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NEV makers raise prices to offset drop in govt subsidy

By Zhang Dandan | China Daily | Updated: 2019-02-25 10:52
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China's leading electric carmaker BYD presents its new energy model on the 2019 Haikou International New Energy Vehicle Show. [Photo by Zhang Dandan/China Daily]

Ultimately, insiders say, prices should decline because of growing competition, falling costs

As China is slow to release its subsidy-cutting scheme for 2019, some new energy carmakers have raised sticker prices to ensure their profit, but insiders expect that the prices of new energy vehicles will drop again eventually.

The subsidy may drop as much as 50 percent from the previous year, which means 70,000 yuan ($10,450) less for one electric car sold, thus causing great financial stress on carmakers considering rising component costs, the Economic Observer reported.

With the scenario in mind, many new energy automakers have started to increase their selling prices and introduced measures to stimulate consumers to buy cars as soon as possible.

Startup Xpeng Motors has announced that the selling prices of its first model Xpeng G3 will increase to 155,800-199,800 yuan from 135,800-165,800 yuan at the beginning of this month, up by almost 15 percent.

Sitech Dev, another startup based in Southwest China's Guizhou province, has raised the prices of its first model DEV1 by 5,000 to 6,000 yuan since Jan 24.

Difering from Xpeng and Sitech Dev's increasing selling prices directly, Shanghai-based Nio Inc has been coaxing potential customers to place orders as early as possible to prevent price hikes.

Nio announced that the customers can enjoy the same subsidy carried out in 2018 as long as they buy Nio ES8 this month and get the license plate before the release of the 2019 national new energy vehicle subsidy policy.

BYD, China's leading electric vehicle maker, has similar measures: Car buyers who get the license plate before March will receive the same subsidy as they would have in 2018, according to a retail store of BYD in Beijing, the Economic Observer reported.

However, in contrast to the carmakers' resorting to raising prices and stimulating consumption, Yu Qingjiao, secretary-general of the Zhongguancun New Battery Technology Innovation Alliance, said that the price hike will not become a trend, but a temporary phenomenon.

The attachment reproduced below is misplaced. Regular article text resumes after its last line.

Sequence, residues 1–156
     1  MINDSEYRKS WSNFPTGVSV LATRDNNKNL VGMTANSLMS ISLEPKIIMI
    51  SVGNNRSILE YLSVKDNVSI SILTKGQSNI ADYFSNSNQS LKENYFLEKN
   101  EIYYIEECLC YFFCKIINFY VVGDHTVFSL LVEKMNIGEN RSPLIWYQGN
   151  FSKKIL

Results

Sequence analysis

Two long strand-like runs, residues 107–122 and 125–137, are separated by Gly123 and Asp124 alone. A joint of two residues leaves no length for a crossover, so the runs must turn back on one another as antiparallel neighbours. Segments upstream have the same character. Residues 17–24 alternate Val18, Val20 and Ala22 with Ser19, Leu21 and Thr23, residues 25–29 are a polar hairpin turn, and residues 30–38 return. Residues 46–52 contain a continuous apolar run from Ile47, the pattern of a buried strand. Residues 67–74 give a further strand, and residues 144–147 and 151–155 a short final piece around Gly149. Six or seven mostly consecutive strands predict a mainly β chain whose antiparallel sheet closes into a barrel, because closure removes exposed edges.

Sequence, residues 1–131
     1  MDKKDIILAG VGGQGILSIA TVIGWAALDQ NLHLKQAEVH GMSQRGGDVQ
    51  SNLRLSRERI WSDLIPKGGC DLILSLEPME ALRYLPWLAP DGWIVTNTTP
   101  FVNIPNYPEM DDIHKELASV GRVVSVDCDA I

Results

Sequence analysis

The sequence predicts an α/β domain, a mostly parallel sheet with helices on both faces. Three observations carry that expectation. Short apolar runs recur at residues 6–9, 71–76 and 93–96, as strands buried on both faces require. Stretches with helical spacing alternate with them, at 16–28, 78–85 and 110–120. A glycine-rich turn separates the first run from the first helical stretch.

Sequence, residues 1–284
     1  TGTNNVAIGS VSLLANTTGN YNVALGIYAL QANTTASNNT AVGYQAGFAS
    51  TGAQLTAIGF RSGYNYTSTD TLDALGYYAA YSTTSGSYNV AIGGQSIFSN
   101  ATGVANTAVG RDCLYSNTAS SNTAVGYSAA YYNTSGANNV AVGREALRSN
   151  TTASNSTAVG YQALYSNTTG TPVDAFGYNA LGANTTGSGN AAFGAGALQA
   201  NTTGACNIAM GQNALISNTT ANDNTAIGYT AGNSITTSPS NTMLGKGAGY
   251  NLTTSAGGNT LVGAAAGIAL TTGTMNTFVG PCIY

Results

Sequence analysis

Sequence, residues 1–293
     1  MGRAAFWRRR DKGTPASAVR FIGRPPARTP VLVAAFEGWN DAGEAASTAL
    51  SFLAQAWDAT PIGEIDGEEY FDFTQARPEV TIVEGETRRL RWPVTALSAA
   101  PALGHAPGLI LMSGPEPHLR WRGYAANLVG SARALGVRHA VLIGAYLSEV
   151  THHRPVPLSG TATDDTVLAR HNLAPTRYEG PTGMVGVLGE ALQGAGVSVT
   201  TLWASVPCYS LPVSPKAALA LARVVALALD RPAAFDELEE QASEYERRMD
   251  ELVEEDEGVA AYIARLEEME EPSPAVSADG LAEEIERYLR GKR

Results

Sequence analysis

And in fact, the prices of new energy vehicles will decline as a whole, according to the Economic Observer.

The report noted that the upstream industries, including the battery, electric motor, electric control and intelligence system, have lowered their costs steadily, and the market competition may get more intense as the California-based electric car giant Tesla Inc finishes the initial construction of its Shanghai Gigafactory by summer.

As a result, the Chinese electric carmakers will have to lower the prices to keep and enhance their product competitiveness, Yu added.

The cost reduction of batteries-the core component of the new energy vehicles-strongly supports the opinion that the price of new energy cars will go down.

Ways-the leading provider of data-driven business decision for automotive industry in China-released a report on China's new energy passenger car market at the end of 2018, showing the prices had gone lower.

According to the report, the cost of power battery system was three yuan per watt-hour in 2015, 1.2 yuan per watt-hour in 2018, and the cost is expected to be reduced by 20 percent by 2020, which means that the cost of electric vehicle with 60-kilowatt-hour battery capacity is estimated to drop by 20,000 to 30,000 yuan.

"It's not realistic for the carmakers to increase the price because of lack of subsidy, as customers only pay the bill for highly cost-effective products," Yu said.

His words are echoed by a senior executive from BYD, who told the Economic Observer that the cutback of government subsidy will at least push the new energy carmakers to go upward.

The executive said with the further reduction and final elimination of government subsidy and the rapid upgrading of the new energy industry, the carmakers without core technology or comprehensive competitiveness are very likely to fall behind.

Those over-reliant on the subsidy and without any ambition and capability to develop valuable new energy products will be squeezed out of the market, said the executive.

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